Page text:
By Susan Whitesell
The Rio Vista Slow Food Festival, coming June 21st, is a farm to table event that celebrates the rich diversity of meat, wine and produce from this area. This is the third of several articles that highlight some of the festival participants.
California Endive Farms produces over 4 million pounds of endive yearly, making Rich Collins the largest endive grower in the country. According to a 7x7SF online article by Eric Wolfinger, “California Endive Farms produces 99.9 percent of the state’s endive for customers that include Alice Waters, Thomas Keller, and Whole Foods.” That’s an impressive list of culinary heavy hitters!
According to Collins, “Endive is a super super complex crop to produce consistently throughout the year to the quality our market demands.” Those familiar with his story know that it took over 3 years and epic failures before the company turned a meager profit in 1986 and that it took ten years before Collins finally nailed the complex growing process.
Product production wasn’t the only difficult hurdle Collins faced. The bulk of his efforts after product production were in marketing to a fledgling endive market, primarily chefs. Collins says, “We’ve never been the classic farmer who was producing and sending this stuff away. We’ve always been in the marketplace.” The company also markets to consumers, for example, giving away more than 600 packages of endives and serving sample appetizers with goat cheese and honey at the recent California Artisan Cheese Festival in Petaluma. We can also expect samples at the Slow Food Festival!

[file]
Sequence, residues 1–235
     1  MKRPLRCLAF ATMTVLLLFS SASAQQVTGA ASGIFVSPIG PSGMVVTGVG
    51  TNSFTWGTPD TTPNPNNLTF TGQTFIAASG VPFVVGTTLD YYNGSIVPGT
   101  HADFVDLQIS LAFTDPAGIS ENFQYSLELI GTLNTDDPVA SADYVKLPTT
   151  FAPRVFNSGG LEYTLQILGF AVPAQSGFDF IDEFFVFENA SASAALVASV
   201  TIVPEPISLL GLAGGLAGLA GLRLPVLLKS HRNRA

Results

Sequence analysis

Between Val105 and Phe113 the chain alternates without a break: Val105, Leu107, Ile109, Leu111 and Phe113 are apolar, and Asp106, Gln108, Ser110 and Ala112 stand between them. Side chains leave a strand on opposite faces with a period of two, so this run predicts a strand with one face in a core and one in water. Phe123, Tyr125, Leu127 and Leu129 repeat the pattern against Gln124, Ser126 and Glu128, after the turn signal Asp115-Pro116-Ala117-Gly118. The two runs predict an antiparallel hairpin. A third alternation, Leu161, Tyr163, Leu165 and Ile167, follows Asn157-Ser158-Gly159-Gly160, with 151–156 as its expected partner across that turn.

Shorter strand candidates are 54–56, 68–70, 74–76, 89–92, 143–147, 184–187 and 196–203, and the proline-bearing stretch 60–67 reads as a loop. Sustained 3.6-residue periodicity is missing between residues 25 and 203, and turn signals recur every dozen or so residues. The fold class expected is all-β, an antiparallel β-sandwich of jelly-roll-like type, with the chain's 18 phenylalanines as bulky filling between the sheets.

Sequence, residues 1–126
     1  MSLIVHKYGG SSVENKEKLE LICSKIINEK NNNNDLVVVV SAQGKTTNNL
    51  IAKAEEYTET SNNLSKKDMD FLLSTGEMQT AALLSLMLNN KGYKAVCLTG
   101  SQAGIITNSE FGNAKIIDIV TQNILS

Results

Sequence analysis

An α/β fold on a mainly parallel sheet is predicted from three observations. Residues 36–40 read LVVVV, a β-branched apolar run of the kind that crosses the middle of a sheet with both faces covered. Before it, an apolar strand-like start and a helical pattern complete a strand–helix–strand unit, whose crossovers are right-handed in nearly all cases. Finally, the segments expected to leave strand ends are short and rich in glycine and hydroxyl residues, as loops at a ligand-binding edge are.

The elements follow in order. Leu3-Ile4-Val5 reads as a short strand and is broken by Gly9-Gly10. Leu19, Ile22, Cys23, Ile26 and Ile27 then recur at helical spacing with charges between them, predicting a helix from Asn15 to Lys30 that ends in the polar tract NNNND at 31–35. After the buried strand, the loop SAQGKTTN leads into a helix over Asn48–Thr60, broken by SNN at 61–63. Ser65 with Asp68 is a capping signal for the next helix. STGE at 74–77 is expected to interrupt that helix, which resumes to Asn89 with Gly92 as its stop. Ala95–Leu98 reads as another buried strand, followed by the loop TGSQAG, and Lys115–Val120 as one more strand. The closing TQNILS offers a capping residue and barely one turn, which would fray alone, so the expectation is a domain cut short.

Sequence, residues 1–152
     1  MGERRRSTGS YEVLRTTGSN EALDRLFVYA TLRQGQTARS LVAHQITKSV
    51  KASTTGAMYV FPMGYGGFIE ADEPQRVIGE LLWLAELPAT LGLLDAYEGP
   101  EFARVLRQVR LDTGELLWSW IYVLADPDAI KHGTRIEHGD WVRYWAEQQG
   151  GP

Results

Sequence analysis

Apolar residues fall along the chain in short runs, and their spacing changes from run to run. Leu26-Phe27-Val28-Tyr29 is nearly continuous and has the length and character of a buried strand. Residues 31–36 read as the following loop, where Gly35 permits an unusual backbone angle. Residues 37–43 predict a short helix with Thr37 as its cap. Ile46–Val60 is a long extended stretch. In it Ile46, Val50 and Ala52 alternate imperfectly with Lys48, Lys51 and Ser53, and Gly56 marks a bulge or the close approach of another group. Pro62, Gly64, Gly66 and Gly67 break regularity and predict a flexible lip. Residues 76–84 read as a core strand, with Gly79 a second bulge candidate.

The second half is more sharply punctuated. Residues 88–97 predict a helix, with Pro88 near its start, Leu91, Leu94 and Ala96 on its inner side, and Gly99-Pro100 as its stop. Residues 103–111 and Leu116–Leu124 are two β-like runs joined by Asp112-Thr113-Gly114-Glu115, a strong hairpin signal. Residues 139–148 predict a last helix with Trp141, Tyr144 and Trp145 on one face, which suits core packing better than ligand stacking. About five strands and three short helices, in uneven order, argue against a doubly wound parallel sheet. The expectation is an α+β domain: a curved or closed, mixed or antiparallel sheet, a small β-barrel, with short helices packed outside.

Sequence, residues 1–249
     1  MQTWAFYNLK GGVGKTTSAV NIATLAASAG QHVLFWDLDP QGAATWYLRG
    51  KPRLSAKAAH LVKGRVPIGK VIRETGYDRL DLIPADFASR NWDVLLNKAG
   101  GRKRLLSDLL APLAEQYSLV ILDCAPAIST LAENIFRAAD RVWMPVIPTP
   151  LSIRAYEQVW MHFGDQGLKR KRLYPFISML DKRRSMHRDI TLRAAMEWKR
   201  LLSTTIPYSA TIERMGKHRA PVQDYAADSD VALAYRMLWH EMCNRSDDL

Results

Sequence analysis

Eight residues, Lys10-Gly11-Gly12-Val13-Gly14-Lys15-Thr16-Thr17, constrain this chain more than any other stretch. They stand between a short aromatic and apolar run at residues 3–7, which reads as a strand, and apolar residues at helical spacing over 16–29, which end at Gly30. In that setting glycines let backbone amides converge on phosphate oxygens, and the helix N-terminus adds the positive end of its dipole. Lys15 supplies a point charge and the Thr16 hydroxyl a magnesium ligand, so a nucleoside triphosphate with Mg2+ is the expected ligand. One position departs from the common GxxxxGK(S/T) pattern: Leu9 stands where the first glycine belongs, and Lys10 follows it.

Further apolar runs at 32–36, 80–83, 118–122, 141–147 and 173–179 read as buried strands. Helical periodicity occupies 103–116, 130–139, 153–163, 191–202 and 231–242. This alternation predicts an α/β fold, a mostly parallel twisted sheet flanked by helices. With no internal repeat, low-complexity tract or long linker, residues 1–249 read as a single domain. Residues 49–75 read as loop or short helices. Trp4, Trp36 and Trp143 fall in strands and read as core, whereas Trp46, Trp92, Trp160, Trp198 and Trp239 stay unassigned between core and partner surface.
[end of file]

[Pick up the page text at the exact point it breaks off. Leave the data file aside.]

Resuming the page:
Collins says the health benefits of endive are catching on with both the older and younger generations. Endive is a super versatile super healthy vegetable. As an appetizer, endives are a great alternative to chips and crackers and a great addition to salads adding color, texture and taste. They can also be roasted, sautéed or baked. Complex in fiber, endives easily handle the heat on a grill so they don’t wilt or fall apart as other vegetables do.
Collins also has a long history with the Slow Food movement, attending the first Terra Madre conference in 2004 in Turin, Italy. Terra Madre is an international Slow Food event that brings together a network of food producers, cooks and university educators bi-annually to discuss global food sustainability issues. Collins has also met and dined with Slow Food movement founder Carlo Petrini. Collins was also a featured speaker at last years Slow Food Festival and demonstrated and shared his endive appetizer with attendees.
This article was originally published in The River News Herald.